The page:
For the record, I haven’t actually tossed bananas at him yet. Still, Time Travelers are better at holding grudges than a girlfriend who accuses you of stuff you did in her dreams.
An excerpt from an article by Hero Watch - Power Classifications & Misunderstandings – written by correspondent Ted Ross
Anyone labeled a speeder has superspeed. This is the biggest example of a misunderstanding brought on inaccurate language usage. In powered terms, a “speedster” is anyone who can move as fast or faster than an Olympic gold medalist. This also broadly includes anyone who can help a group of people move fast, such as those with telekinetic platforms, summonable spaceships, teleportation powers, and so on. In reality, we should classify them as “transporters” —but for some reason speedster is more popular.
This persists in other generic categories. Mystics is used to refer to anyone who uses a form of magic. Magic is anything science can’t explain. Most magic schools follow rules, with their users finding new uses through methods of observation, trail and error, and refining techniques. This is similar to science being used to understand gravity.
Flight based powers include people using elemental powers to lift themselves, scientist marvels (jet packs or otherwise), and altered appendages. Gliding powers are often included as “fliers” despite obvious differences between the words.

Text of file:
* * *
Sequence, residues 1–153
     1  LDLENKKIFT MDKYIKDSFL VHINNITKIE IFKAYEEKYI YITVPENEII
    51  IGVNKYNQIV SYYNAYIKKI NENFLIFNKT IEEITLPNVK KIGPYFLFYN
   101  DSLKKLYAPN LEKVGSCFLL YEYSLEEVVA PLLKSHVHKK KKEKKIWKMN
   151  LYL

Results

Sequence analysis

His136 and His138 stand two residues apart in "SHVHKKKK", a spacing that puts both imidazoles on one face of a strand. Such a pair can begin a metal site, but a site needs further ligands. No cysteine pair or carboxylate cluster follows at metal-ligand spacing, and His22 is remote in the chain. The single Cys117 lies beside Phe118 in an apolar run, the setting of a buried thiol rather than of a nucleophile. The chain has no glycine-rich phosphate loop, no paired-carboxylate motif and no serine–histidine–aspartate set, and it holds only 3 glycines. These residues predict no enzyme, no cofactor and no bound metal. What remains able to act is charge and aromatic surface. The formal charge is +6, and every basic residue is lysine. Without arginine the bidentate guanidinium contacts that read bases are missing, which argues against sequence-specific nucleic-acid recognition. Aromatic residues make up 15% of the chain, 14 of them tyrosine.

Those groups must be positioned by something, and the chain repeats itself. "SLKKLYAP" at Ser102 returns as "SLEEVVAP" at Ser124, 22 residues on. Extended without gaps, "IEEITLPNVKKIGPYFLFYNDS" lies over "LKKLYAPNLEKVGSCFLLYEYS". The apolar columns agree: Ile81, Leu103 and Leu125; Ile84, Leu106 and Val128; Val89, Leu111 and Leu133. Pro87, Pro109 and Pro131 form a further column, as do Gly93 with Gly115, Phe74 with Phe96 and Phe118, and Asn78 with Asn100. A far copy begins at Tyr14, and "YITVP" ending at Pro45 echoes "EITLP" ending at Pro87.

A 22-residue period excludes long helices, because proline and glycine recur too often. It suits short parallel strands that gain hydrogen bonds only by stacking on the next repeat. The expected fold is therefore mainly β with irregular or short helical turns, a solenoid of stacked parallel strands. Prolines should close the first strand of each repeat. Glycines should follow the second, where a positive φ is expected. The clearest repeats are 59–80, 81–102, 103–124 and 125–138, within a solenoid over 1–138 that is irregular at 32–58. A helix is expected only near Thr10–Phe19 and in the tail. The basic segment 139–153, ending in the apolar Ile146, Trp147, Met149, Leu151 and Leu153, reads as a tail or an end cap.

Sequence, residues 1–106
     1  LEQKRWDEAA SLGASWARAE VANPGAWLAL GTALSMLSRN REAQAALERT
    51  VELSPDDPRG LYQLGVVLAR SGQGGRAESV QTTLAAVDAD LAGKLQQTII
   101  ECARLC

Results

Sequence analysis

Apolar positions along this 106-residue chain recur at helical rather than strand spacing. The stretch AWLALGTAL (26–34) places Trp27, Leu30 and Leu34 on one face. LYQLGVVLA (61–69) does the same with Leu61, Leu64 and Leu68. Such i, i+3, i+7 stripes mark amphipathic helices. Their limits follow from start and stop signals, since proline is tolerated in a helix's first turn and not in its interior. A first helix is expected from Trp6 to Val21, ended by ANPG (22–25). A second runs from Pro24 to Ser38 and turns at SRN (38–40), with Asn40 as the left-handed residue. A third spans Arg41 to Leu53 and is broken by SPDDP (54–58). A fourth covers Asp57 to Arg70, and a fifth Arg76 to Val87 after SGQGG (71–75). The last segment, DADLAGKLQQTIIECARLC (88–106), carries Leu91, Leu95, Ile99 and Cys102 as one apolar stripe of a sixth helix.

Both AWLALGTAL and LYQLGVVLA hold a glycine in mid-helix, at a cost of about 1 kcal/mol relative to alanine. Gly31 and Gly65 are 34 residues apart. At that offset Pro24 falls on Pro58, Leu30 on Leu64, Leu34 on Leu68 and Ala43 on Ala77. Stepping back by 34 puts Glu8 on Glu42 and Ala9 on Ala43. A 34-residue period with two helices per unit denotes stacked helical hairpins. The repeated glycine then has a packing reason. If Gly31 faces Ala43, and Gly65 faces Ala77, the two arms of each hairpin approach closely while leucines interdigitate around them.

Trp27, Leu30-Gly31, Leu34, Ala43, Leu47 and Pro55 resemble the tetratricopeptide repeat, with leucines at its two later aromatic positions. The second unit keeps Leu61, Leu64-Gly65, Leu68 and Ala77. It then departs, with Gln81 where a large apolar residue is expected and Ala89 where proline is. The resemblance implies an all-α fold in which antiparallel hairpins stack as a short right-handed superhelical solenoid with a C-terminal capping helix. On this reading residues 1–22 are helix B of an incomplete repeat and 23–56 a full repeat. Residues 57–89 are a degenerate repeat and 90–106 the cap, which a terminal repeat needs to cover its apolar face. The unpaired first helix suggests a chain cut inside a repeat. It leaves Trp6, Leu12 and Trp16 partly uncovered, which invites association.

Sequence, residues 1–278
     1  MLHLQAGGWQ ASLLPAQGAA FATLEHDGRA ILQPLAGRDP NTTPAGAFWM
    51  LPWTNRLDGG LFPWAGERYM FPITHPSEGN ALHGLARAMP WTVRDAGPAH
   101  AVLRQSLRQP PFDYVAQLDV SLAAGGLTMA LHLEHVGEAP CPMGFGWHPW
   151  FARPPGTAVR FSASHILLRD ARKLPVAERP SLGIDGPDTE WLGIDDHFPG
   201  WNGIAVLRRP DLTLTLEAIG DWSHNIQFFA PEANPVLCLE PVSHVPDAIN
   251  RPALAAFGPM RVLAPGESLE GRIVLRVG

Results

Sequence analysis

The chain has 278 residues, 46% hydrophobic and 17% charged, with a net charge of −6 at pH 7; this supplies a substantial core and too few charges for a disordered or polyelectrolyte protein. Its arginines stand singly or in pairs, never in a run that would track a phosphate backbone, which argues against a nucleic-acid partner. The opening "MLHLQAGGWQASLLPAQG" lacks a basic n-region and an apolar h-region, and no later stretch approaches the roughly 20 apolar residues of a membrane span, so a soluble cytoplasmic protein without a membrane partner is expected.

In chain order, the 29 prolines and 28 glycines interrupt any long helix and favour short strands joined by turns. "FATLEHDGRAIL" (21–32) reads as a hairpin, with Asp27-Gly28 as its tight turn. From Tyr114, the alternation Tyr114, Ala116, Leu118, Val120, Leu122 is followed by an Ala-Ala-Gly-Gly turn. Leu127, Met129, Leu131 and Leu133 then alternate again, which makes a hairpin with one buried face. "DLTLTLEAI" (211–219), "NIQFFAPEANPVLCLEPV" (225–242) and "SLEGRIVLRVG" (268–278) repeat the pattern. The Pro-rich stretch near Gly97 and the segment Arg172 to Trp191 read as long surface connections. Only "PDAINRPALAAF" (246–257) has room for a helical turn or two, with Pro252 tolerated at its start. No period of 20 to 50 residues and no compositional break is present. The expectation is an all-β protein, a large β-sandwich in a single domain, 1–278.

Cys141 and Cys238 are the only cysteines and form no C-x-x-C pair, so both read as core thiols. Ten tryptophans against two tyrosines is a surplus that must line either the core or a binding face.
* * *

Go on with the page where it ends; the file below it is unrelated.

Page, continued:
Energy based powers aren’t purely energy but instead include items spun from unseen sources. Prokinetics are often shoved into this grouping despite a more accurate word already being in widespread use. The lazy justification is they have limitations on how long they can be sustained, based on some “energy” that can run out.
Barriers are anything, anything at all, that blocks other things. Heroes who can use barriers, even if it’s their own flesh, are classified as “tanks” even if some are extremely squishy.
The whole thing is a mess because people insist on defining chaos with generalities. We here at Hero Watch will endeavor to make sure all our articles use the English language to its utmost accuracy when compiling data on powered people and events.